THE POPULAR PARTY (PP) PRESENTS A BILL LIMITING UNIVERSAL JURISDICTION
MADRID WISHES TO AVOID CONFLICT CAUSED BY AN INVESTIGATION INTO GENOCIDE
By Fernando García / Miguel Gónzalez, Madrid
There’s no touching the Chinese giant! The Spanish government wants to avoid at all costs a diplomatic conflict with Beijing and is not prepared for judicial investigations to spoil economic relations with what is today the world’s number one commercial power. Which is why it has secretly set in motion an express legal reform aimed at closing as soon as possible the case on genocide in Tibet under investigation in Spain’s Special Court (Audiencia Nacional), which has ordered the arrest of five members of the Communist Party leadership, including former president Jiang Zemin and former prime minister Li Peng.
To speed up this reform, which drastically limits the scope of so-called universal jurisdiction, an unusual procedure has been resorted to: presentation of a bill by the Popular Group in the Spanish Congress. Initially, the Government intended to include this modification in the reform to the LOPJ (Organic Law of Judicial Power) that the Justice Ministry is preparing, but this would involve asking for reports from the General Council of the Judiciary, the State Council or the Fiscal Council, which would delay the process for months. By turning to the Popular Party, the Government has prevented the reform from having to pass through the Cabinet, thereby enabling it to skip the report stage, and if the measure of urgency is applied, it can be put into effect within two months. The various groups that make up the Government do not usually present bills, as legislative initiatives are presumed to correspond to the Government. Indeed, the PP had not presented any bills during this term of office. Which is why this is all the more surprising.
In 2009 socialists and populists reached an agreement on an initial limitation to universal jurisdiction, in order to avert diplomatic friction. On that occasion they likewise used the back door, submitting an amendment to the law drawn up by the Judicial Office and being processed by the Congress. Now, with an absolute majority, the PP has not even sought out the complicity of the Socialist Party.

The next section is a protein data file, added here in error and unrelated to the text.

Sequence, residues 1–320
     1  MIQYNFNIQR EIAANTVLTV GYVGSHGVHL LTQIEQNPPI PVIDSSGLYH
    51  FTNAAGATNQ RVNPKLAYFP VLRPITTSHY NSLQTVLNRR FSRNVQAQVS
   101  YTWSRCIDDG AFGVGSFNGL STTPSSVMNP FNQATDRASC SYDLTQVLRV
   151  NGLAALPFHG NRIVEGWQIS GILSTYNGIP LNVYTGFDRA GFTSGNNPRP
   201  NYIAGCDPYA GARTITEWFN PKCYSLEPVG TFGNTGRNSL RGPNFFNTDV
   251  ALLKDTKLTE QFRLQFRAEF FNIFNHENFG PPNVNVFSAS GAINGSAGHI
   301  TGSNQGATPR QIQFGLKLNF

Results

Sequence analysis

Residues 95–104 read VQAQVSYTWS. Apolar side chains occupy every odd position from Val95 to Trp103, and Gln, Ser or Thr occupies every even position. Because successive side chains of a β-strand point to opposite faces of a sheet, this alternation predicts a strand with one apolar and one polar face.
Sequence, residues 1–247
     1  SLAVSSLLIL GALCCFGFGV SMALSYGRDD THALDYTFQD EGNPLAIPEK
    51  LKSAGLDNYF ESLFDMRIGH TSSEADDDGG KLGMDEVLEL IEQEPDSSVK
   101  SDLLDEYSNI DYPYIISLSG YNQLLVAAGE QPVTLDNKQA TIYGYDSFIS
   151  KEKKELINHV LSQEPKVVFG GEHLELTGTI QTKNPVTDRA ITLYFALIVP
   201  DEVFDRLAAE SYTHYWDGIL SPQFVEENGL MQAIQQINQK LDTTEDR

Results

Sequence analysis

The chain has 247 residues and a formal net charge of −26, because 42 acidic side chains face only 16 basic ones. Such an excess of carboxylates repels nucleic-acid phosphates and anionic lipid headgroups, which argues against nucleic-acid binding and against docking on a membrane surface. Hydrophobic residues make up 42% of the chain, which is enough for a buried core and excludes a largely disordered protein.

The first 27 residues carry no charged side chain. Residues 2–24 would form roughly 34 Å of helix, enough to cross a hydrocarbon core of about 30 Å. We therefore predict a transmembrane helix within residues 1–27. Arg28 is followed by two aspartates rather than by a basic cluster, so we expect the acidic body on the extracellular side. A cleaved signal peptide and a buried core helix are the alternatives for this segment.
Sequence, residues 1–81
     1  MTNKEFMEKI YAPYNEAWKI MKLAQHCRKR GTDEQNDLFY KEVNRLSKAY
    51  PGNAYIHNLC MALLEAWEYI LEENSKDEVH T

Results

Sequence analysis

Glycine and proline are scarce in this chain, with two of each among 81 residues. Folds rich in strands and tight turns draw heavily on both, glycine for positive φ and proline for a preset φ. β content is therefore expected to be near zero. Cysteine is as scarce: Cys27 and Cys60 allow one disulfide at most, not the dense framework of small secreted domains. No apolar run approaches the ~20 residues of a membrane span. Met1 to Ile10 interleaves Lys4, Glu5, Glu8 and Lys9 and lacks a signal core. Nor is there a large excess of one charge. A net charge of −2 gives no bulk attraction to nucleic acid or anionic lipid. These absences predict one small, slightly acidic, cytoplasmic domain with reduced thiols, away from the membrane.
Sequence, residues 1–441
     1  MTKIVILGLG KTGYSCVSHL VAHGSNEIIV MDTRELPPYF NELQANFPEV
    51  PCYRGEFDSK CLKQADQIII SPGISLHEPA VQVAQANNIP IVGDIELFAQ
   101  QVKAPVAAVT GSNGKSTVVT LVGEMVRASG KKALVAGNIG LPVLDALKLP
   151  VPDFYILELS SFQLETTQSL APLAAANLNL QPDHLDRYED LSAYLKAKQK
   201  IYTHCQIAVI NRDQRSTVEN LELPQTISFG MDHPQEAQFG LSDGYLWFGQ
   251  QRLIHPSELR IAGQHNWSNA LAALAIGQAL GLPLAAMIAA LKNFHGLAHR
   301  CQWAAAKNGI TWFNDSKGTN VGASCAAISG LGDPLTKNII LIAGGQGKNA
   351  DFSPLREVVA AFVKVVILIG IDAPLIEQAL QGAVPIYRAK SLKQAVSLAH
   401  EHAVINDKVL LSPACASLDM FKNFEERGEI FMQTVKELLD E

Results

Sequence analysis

The 2009 reform, which is still in effect, left a door open to the Audiencia Nacional to investigate crimes committed abroad when the accused was on Spanish soil or there were Spanish victims or “a connecting link with Spain”. It is this door that they now wish to close, eliminating any ambiguity.
The proposal that the PP presented last Monday in the Congress register specifies that Spanish judges may only investigate crimes of genocide and crimes against humanity, like that in Tibet, when “the proceedings are directed against a Spaniard or foreign citizen who habitually resides in Spain or is on Spanish soil and whose extradition would be denied by the Spanish authorities”. As the accused in the lawsuit being investigated by the judge Ismael Moreno are Chinese citizens and none of them are on Spanish soil, to the best of anyone’s knowledge, it would not be possible to investigate this case. The reform also states clearly that crimes of so-called universal jurisdiction will only be “pursuable in Spain after a lawsuit is lodged by the person aggrieved or by the public prosecution”. Popular action, established in article 125 of the Spanish Constitution, is excluded.
The lawsuit for Tibetan genocide was never lodged by the public prosecution, but by popular action (exercised by two Tibet support foundations) and private accusation (the nationalised Spanish citizen Thubten Wangchen). Under the new reform, the former would not be able to denounce.
There would still be one remaining chance for keeping the investigation open: if the crime was reclassified from genocide to torture, as in this case the nationality of the victim is taken into account. But the reform demands that “the victim have Spanish nationality when the crime is committed”; a requirement that the abovementioned Thubten Wangchen does not meet.
Although criminal laws favourable to the defendant are by nature retroactive, with the result that the reform would imply shelving the lawsuits against the Chinese Communist Party leadership, the PP wished to resolve any doubts that might be put forward by the judges and has included in the text an unheard-of transitory provision that states emphatically: “The lawsuits under investigation when this law goes into effect […] will be stayed until fulfilment of the requirements established therein is accredited”. In other words: first, the investigations are stayed, and then, against all logic, their possible reopening is examined. Similar to current legislation, the reform imposes the obligation to stay a case when the crime is being investigated in the country where it was committed; however, unlike the previous law, it grants the Criminal Court of the Supreme Court the power to decide whether a state has the will or the capacity to pursue that crime. One of the most surprising aspects of the reform is the unequal treatment it applies to different crimes. For example, it is sufficient for there to be a Spanish victim for a crime of terrorism or piracy committed abroad to be investigated, yet the nationality of the victim is irrelevant in a crime of genocide. On the other hand, in order for cases of torture and forced disappearances to be investigated, the victim must have had Spanish nationality when the acts were committed, and furthermore, the accused must be on Spanish soil. A discrimination that makes a mockery of the right to judicial protection.
The original article featured on El Pais.